Jul 032009
 July 3, 2009  Posted by  Breaches, Court, Govt, Non-U.S., U.S.

James Slack of The Daily Mail has an article on the extradition battle for Gary McKinnon, a case that has become somewhat of a cause celebre. The case raises a number of issues, including whether extraditing someone with Asperger’s Disorder to face a potentially lengthy prison sentence in the U.S. constitutes a serious threat to his health.

If prison sentences are threats to the health of individuals with Asperger’s Disorder, then both the UK and the US need to immediately pass laws giving people with Asperger’s Disorder a “get out of long jail sentences free” pass. And while they’re at it, they should also give free passes to people with Depression, Bipolar Disorder, anxiety disorders, Obsessive-Compulsive Disorder and every other neuropsychiatric disorder. For good measure, they should throw in some provision about speedy trials, too, as the stress of having a trial hanging over one’s head cannot be good for health.

McKinnon’s crimes should be prosecuted under the laws that were in effect between 2001 and 2003 when he committed the alleged crimes and his extradition should be viewed in light of the extradition laws that were in effect at the time he committed the crimes. The basis for the UK’s extradition decision should not focus on McKinnon’s mental health because it would assign people with neurological disorders to second-class or alternate-class citizenship. The logical extension would be that if people with neurological disorders require additional protections and cannot be held to the same standards as everyone else, perhaps they shouldn’t enjoy the same rights and privileges as everyone else.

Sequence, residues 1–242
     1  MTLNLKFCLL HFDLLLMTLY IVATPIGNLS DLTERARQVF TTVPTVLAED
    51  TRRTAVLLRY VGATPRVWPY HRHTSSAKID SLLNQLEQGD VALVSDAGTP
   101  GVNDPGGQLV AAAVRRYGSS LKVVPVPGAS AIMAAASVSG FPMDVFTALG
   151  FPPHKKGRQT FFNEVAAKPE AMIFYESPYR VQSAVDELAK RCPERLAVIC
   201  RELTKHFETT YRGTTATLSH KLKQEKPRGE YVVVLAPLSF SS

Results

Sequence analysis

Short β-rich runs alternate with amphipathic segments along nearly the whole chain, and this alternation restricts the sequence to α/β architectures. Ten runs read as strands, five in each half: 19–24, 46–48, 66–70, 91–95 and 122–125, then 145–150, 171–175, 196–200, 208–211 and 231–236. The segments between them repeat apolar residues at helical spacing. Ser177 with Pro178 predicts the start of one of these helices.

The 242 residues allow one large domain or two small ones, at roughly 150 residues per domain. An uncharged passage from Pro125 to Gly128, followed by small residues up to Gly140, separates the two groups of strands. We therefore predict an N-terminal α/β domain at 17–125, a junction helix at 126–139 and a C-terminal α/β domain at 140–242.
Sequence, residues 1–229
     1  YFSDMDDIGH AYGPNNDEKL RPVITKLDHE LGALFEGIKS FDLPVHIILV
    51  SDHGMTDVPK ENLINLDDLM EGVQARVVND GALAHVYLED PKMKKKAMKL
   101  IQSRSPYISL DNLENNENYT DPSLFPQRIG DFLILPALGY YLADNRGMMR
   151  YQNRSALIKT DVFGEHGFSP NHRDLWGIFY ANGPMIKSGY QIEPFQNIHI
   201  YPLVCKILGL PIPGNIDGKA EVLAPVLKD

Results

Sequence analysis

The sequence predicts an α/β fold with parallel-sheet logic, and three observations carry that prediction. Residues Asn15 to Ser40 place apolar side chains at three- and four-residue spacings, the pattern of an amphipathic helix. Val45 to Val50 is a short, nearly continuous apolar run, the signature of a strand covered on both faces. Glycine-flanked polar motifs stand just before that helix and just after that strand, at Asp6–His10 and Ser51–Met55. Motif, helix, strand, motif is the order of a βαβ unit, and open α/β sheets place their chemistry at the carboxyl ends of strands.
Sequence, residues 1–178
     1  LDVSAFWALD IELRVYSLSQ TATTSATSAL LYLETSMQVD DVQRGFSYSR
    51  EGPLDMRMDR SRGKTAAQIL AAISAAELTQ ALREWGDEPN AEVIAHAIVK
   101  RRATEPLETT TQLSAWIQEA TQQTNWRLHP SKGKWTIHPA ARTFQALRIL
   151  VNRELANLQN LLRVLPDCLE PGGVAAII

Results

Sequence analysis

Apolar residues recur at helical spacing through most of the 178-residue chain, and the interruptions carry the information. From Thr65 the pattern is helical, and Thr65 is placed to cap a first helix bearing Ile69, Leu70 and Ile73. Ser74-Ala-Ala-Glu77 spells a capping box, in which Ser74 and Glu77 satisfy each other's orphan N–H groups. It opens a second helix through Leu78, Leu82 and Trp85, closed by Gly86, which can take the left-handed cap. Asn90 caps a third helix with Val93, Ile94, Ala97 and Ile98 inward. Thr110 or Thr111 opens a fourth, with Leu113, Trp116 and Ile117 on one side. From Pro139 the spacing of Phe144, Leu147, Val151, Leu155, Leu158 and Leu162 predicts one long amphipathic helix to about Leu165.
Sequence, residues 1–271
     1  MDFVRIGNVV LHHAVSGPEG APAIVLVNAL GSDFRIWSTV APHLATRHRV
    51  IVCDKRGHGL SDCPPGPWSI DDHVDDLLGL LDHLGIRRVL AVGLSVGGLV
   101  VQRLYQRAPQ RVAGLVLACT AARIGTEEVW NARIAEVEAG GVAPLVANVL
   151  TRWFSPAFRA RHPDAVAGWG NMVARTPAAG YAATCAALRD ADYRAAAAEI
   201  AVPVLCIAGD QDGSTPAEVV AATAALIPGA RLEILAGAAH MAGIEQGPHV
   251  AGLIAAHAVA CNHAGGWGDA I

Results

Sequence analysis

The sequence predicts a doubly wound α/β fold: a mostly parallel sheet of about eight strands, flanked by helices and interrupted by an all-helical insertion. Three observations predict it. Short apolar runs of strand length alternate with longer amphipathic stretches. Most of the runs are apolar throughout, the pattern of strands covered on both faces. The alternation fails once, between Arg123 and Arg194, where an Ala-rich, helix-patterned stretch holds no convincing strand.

The UK need only look for precedent in extradition cases where young people have done foolish things. What McKinnon did is undeniably illegal and problematic, but there is already precedent in the UK for not extraditing young people who also wrecked havoc with U.S. military systems. The U.K. should not give in to the U.S.’s demands on this one. Even if we assume that all of the U.S.’s claims are true, the U.K. is perfectly capable of prosecuting this case where the crime occurred — in the U.K.

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